Another year is dawning, dear Father, let it be
On earth, or else in Heaven, another year for Thee.

It is a time to reflect on the past, take stock of the present, and aspire to a better future. Much if not most of life is beyond our control, but she clearly pleads God’s provision, not for an easy time, but for a fruitful time in belief and service to God. I ask that my Christian brothers and sisters be blessed with just what this poem requests, “another year for Thee”.

There are other of my friends and readers who do not yet know God through His Son, Jesus Christ. I plead with God to choose you in this new year to be His child. Though He is the one who chooses, in some mysterious and yet simple way we must choose Him as He enables us to. The offer is there; knowledge of God and life eternal awaits. Trust Jesus to take away the guilt of your offenses against God by the sacrifice He made on the cross. It is not a complex choice, but it is a definite one. Do not reject Him for some misguided sense of fairness:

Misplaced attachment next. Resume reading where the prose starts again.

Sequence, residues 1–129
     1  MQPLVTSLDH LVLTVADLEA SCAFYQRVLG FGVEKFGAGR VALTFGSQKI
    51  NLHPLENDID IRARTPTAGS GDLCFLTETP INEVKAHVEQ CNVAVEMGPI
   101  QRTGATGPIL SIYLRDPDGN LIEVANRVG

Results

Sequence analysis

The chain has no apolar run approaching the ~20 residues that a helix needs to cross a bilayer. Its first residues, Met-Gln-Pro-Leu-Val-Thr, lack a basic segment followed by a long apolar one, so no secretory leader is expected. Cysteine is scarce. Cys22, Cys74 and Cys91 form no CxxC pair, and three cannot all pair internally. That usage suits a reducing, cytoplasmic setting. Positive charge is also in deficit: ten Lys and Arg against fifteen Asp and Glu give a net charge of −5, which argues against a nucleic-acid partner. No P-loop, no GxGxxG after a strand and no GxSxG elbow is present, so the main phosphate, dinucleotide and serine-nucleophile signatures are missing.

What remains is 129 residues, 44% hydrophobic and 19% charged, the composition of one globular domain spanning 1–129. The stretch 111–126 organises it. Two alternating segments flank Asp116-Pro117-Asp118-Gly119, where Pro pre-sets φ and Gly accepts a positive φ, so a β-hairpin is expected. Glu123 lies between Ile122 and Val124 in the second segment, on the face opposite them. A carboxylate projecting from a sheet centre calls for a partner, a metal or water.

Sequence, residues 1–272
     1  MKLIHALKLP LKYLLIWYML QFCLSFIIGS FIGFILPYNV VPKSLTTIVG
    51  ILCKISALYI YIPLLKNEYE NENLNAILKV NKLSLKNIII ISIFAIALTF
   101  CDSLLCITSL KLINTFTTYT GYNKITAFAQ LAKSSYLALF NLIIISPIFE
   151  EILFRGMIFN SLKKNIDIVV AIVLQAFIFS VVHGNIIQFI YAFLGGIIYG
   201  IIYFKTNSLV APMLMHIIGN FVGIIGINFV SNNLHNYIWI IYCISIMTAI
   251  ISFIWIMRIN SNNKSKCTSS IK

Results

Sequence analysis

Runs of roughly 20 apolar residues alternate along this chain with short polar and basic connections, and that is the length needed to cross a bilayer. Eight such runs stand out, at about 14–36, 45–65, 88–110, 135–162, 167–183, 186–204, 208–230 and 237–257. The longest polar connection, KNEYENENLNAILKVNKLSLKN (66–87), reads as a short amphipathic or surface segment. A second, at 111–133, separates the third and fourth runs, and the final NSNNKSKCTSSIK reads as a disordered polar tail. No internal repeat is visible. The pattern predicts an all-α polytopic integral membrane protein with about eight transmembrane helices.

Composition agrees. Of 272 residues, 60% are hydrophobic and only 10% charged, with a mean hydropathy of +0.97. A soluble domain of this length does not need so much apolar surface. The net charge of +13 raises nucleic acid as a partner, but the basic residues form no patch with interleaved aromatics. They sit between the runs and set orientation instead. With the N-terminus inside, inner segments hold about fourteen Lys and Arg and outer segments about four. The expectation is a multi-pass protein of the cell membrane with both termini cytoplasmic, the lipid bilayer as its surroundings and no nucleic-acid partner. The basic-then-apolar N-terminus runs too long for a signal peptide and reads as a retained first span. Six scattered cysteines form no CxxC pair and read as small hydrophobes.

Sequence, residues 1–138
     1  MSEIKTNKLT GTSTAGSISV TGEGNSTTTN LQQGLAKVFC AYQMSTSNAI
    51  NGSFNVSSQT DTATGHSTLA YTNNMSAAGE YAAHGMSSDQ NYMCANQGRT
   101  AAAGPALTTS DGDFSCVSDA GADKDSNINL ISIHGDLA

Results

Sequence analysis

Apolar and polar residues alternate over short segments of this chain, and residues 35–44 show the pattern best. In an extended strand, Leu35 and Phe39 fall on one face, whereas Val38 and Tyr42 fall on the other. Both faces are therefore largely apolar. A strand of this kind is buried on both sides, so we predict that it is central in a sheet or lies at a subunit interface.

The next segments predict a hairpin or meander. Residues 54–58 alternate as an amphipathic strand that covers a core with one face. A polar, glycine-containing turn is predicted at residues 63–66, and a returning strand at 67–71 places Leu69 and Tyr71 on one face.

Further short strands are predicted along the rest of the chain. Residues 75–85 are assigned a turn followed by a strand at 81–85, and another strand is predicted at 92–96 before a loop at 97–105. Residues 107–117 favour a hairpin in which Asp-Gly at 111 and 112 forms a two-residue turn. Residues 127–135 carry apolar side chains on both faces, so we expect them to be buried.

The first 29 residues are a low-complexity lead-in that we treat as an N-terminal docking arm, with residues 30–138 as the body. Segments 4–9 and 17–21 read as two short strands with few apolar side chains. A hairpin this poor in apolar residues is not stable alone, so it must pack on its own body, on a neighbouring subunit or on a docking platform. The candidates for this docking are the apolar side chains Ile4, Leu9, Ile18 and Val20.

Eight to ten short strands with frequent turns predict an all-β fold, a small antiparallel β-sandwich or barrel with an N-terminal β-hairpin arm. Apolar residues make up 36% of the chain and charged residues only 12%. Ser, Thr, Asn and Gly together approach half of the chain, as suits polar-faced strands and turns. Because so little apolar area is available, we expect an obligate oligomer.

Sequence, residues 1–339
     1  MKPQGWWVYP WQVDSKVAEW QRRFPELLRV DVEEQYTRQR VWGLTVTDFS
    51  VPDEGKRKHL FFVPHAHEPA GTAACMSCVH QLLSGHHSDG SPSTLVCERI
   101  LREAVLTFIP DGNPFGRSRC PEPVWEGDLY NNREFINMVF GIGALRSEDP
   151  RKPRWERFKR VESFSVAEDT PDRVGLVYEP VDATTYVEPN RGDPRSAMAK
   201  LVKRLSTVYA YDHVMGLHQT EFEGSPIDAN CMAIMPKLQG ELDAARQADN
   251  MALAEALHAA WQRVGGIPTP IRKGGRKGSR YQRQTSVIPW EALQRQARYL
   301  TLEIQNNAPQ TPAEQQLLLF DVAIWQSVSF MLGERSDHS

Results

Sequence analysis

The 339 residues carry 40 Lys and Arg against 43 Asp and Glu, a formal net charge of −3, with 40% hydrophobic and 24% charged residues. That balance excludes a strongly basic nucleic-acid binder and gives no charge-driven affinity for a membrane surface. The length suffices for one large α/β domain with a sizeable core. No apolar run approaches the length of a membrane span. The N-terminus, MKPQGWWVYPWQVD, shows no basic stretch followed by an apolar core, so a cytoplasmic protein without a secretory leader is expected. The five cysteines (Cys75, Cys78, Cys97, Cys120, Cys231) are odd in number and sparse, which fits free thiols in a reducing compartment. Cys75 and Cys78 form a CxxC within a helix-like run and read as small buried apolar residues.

“Give us fairness,” said many voices.
“You don’t want fair,” he said,
“For then we would all be dead.”

Grace that will set you free,
Mercy to pardon, can’t you see?
You have no other choices.

And why would we all be dead? “For all have sinned and come short of the glory of God.” (Romans 3:23) “For the wages of sin is death but the gift of God is eternal life through Jesus Christ, Our Lord.” (Romans 6:23) There is the same sentence with the bad news, death, is the good news, eternal life. 

May your New Year be blessed with the knowledge of God and joy in serving Him.